Closeness and intimacy shine through on Cots’ richly haunting debut record Disturbing Body
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  • Post published:18/08/2021
  • Post last modified:18/08/2021

Sparked by her fascination with mathematics’ vast poetic potential, and the power of celestial mechanics, Disturbing Body explores the unexplainable interactions of interstellar bodies and human beings alike. The album’s opening title track is a starry, forlorn, and askew dirge that pulls you into its mysterious space with Yates’s enchanting voice: “Searching for your disturbing body / The math doesn’t add up when I do it alone,” she sings alongside a guttural jazz-infused instrumental fitted with gaps of silence evoking with the feeling of dread.

The title, inspired by the phrase for a planet whose gravitational pull alters another planet’s course, speaks similarly to the disruptive nature of love. “Human bodies are like celestial ones;” explains Yates, “just as a planet’s course is carved out in relation to others, our course – where we go and what we do – is compelled by forces of attraction.”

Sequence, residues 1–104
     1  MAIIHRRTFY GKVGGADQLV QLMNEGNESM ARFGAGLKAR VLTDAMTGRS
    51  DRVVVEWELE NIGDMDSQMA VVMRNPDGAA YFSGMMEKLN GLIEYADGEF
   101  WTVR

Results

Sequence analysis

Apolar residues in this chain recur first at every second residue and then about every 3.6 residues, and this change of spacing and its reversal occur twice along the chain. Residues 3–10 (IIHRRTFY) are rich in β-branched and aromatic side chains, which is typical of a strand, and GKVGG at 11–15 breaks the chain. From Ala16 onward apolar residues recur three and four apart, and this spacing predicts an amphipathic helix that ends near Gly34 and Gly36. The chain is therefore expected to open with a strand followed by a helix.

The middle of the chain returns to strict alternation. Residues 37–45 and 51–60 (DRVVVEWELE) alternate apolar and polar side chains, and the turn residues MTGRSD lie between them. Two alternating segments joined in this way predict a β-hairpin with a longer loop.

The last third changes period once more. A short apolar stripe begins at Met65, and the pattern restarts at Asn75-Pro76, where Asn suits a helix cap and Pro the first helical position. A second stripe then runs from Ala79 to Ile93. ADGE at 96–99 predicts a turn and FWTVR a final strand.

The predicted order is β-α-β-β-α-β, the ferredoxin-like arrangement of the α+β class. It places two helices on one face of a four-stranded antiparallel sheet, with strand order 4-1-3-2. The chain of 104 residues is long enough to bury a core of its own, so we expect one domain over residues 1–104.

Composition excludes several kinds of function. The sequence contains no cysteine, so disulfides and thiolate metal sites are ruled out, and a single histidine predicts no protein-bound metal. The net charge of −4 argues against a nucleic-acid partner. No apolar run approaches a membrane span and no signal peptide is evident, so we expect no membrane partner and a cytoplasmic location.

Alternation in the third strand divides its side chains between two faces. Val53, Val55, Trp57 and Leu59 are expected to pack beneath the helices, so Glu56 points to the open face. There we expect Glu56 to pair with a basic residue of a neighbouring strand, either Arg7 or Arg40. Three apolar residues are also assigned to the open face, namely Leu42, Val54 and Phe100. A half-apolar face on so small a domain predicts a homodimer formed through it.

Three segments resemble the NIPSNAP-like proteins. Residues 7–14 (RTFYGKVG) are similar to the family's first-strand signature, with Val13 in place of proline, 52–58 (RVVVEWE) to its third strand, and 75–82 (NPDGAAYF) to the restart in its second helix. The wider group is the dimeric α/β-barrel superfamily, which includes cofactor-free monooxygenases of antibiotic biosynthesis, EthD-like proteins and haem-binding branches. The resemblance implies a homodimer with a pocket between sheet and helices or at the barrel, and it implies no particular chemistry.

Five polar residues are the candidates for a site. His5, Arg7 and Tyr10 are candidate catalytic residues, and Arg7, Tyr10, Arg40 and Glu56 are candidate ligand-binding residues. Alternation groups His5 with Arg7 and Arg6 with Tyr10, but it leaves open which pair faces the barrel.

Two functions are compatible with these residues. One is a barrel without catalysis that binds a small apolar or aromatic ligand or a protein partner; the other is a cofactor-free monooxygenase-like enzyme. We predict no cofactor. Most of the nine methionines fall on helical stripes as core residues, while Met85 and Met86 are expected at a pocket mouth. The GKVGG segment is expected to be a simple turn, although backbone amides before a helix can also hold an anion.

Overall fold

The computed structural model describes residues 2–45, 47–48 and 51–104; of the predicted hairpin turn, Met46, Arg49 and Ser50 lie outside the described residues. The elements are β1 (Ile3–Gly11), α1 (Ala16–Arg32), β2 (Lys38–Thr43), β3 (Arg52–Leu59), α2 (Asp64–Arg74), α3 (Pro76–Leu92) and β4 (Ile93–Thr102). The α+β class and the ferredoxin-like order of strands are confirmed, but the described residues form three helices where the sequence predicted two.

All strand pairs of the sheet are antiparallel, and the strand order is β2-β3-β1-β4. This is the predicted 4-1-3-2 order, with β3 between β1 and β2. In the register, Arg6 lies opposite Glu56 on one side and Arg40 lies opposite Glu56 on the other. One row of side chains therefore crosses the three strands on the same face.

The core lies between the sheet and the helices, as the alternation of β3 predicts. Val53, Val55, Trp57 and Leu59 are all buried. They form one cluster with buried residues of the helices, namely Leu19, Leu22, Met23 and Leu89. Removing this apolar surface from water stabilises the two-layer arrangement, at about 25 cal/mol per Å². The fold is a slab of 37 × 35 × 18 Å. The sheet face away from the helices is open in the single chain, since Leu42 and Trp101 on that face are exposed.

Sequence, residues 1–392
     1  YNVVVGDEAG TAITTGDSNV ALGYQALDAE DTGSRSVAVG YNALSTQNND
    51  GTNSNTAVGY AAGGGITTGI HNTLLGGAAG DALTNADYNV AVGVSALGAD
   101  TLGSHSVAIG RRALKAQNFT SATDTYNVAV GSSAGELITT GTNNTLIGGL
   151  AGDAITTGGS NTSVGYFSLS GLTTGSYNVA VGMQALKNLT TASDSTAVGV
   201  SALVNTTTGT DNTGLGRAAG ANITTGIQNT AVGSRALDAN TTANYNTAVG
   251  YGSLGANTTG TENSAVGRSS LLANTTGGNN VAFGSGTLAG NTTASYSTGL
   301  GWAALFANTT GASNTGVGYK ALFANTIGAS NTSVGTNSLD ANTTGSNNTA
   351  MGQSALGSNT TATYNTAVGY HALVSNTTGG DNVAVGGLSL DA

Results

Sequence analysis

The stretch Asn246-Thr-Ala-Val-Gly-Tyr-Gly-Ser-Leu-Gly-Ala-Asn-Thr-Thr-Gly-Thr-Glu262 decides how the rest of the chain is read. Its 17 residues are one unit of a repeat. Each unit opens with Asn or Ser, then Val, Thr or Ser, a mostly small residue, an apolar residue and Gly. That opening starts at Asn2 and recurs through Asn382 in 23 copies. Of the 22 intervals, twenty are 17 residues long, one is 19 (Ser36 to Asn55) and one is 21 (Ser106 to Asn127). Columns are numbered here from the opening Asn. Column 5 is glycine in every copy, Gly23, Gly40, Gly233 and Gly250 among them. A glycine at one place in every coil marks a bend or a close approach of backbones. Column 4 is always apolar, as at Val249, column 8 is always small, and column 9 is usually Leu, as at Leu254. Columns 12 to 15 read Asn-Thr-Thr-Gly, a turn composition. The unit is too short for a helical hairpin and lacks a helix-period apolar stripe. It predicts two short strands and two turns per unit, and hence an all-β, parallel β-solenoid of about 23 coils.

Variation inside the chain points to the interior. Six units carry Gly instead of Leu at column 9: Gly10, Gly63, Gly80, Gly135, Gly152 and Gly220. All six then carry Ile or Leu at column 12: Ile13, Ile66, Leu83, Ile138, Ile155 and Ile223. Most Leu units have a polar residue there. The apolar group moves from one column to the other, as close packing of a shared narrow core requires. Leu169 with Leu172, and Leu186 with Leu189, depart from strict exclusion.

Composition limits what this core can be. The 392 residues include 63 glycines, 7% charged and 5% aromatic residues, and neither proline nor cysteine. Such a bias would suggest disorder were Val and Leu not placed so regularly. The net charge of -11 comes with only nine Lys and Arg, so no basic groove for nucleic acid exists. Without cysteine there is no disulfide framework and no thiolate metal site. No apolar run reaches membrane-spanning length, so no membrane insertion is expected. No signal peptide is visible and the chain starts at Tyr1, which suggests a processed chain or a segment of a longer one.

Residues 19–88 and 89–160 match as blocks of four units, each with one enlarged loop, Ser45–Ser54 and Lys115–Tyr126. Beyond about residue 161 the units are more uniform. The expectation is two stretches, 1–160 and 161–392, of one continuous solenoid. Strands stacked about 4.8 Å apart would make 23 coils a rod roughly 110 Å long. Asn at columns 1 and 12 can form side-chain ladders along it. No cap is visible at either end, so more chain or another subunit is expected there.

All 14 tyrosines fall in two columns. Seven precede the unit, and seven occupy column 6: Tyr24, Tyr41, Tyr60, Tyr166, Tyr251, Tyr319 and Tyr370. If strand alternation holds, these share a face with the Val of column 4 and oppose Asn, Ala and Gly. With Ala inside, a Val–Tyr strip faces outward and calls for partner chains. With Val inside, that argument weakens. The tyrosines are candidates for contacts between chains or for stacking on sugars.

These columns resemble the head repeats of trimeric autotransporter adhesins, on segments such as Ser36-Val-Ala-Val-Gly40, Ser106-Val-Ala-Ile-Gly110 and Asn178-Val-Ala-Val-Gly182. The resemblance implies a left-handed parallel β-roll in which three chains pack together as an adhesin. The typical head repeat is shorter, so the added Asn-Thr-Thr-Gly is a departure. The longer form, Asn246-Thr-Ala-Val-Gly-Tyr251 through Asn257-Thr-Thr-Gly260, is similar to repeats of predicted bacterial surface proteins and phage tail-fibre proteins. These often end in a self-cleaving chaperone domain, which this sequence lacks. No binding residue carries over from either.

The record is filled with evocative and playful poetic lyricism from Yates as her soft haunting voice singing dark yet gentle lyrics glides along the minimalist avant-garde jazzy instrumentals across the record. It creates an almost alien atmosphere, as if the vast expanses of space and time are transmitting directly into your ears.

Highlights from the record include “Bitter Part Of The Fruit” with its gorgeous and bouncy finger-picked guitar carrying the beautiful lyricism, the ’60s psychedelic sounding keys on “Sun-Spotted Apple”, and the irresistibly dreamy and jazz-filled track “Inertia Of A Dream”. Disturbing Body as a whole is a widely consistent record, with Yates effectively bringing her unearthly vision to life across the record’s 10 movements.

Across Disturbing Body’s disparate touchpoints and searching melodies, somewhere between the stars and earthly interactions alike, Cots makes a whole lot of sense. “A cot is a solitary, introspective, and dreamy space,” she says. “It’s temporary too, suggesting to me liminality, moving on, passing through. It’s something you leave behind.”

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